## Archive for April, 2011

### Mac OS X 10.6 VPN configuration error after wrong password

Wednesday, April 27th, 2011

The built-in VPN client in mac os x 10.6 annoyingly won’t remember passwords. I have to type it in every time I connect. What’s worse is that if I mistype it some how ruins the VPN client so that I can reconnect. When I try I don’t even make it to the password prompt. I just get:


A configuration error occured. Verify your settings and try reconnecting


I manage to restart the VPN client by issuing this in a Terminal:


sudo launchctl stop com.apple.racoon
sudo launchctl start com.apple.racoon


After that when I try, I get to the password prompt and I’m able to reconnect.

Similar idea here

### List all unique fields and functions used by C++ object pointer in many files

Thursday, April 21st, 2011

Here’s a little bash one liner to find all fields and functions used by a C++ object pointer in all files of the current directory. The object I’m looking for always has a name ending in “mesh”, which makes this a bit easier:


grep -ho "mesh->.*" * | sed -e "s/.*mesh->$$[^(\[,\.]*$$.*\$/\1/g" | uniq


For me this prints exactly what I wanted:


ComputeShortestPathInTetVertices
Copy
FindClosestTetVertex
IsTetMesh
surface_to_tet_map
tet_neighbors
tet_vertices
tet_vertices for volume problem
tetrahedra


### Ignore nytimes paywall with simple client-side javascript, or applescript

Thursday, April 21st, 2011

Today was my first experience with the New York Times paywall. It manifested as an html overlay on top of the article I wanted to read. The article seemed to have fully loaded which made me think that if I could just get rid of the overlay I’d be able to read it.

This turned out to be the exactly case. I just zapped the div containing the overly (properly labeled id='overlay' and restored the overflow of the main page (to get scrolling back).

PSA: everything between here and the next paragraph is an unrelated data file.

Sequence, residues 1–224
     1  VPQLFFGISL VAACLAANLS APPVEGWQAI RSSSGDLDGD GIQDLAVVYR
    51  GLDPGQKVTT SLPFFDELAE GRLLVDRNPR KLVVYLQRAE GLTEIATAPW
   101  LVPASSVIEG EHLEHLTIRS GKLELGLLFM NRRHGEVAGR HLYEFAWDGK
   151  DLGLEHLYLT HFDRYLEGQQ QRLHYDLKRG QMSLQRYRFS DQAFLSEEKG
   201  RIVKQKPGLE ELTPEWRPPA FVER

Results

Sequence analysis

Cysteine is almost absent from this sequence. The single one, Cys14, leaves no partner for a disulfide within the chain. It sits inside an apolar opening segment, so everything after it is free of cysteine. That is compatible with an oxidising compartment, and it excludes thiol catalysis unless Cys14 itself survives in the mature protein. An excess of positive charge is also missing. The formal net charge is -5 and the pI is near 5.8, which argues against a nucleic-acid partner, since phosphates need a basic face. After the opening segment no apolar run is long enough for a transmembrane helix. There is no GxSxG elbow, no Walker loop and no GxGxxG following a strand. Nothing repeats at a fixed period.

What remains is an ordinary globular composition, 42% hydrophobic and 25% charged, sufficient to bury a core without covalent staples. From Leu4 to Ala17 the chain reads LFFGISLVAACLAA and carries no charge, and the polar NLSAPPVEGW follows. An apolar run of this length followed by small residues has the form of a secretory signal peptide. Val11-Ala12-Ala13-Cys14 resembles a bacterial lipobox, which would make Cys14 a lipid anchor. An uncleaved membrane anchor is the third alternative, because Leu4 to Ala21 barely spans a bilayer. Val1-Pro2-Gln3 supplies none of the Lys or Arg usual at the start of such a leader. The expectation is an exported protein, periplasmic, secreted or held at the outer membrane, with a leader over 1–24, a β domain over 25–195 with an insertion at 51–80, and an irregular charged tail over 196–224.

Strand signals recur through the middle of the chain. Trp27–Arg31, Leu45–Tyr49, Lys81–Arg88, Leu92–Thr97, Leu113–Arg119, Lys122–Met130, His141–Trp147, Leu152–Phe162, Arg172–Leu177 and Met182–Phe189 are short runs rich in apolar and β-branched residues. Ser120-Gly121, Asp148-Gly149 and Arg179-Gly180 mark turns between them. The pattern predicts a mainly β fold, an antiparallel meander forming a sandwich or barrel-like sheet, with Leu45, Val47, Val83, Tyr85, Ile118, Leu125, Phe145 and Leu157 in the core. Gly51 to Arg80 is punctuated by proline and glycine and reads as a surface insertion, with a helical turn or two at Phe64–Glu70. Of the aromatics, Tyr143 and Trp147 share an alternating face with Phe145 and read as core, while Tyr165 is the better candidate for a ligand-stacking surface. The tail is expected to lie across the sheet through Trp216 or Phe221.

This is easily accomplished with three lines of client side javascript:


document.getElementById('overlay').parentNode.innerHTML = '';
document.body.style['overflow-x'] = 'auto';
document.body.style['overflow-y'] = 'auto';


There are many ways of issuing your own javascript on pages opened in your browser, whatever that might be.

For me on a mac with safari, wrapping the above into a little applescript is easiest. I save this in a file called Ignore-nytimes-paywall.scpt:


tell application "Safari"
try
set doc to front document
do JavaScript "document.getElementById('overlay').parentNode.innerHTML = '';" in doc
do JavaScript "document.body.style['overflow-x'] = 'auto';" in doc
do JavaScript "document.body.style['overflow-y'] = 'auto';" in doc
on error errText number errNum
end try
end tell


It seems that coming up with your own hack for knocking down the nytimes paywall is the trend these days. We’re all blowing our technological Joshua trumpets ;-).

Update: I’m now more convinced that nytimes is just using this paywall as an experiment. Ignoring the paywall is even easier than I thought:

Readers need only remove “?gwh=numbers” from the URL. They can also clear their browser caches, or switch browsers as soon as they see the subscription prompt. All three of these simple fixes will let them continue reading.

Source

Update:
Seems the paywall organization has changed a little bit and now the client side javascript should be:


document.getElementById('regiwallBackground').style.display = 'none';
document.getElementById('regiwallOverlay').style.display = 'none';
document.body.parentElement.style.overflow = 'scroll';


### Including cmath and math.h and using isfinite(x)

Wednesday, April 20th, 2011

I’ve been trying to compile a C++ program with a set of header files one a Solaris SPARC machine. It’s my first experience with GCC outside of the usual intel/unix/mac world and it’s been a bumpy ride.

One problem that I had was that gcc on this machine doesn’t seem to be using the same standards. This was easy to fix once I’d identified it as a problem: just add -ansi to the compiler flags.

The code I’m compiling uses the std::isfinite function. On Macs gets included with cmath, but on the solaris machine it does not. Instead isfinite (notice that this time there is no std namespace) can be included from math.h. So fine, I change the headers to include from math.h instead of cmath and use isfinite instead of std::isfinite.

But! I’m still getting the same old: